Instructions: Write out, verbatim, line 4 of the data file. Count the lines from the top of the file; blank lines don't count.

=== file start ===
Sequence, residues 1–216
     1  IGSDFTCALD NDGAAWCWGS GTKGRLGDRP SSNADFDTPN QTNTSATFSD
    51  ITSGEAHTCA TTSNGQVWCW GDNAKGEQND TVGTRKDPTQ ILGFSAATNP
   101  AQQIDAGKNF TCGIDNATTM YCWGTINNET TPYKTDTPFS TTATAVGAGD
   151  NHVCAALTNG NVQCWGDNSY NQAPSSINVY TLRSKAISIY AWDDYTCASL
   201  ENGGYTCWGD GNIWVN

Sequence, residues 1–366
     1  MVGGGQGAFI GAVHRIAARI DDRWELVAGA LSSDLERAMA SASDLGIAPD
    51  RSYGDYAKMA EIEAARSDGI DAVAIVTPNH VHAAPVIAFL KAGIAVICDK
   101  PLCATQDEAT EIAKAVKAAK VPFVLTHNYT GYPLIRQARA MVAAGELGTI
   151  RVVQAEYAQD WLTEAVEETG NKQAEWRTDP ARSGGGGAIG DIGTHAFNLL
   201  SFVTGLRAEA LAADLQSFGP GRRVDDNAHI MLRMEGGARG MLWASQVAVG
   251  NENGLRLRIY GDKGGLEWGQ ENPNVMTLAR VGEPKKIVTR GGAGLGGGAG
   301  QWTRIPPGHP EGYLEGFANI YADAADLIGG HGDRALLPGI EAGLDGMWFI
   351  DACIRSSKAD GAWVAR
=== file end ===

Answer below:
   101  AQQIDAGKNF TCGIDNATTM YCWGTINNET TPYKTDTPFS TTATAVGAGD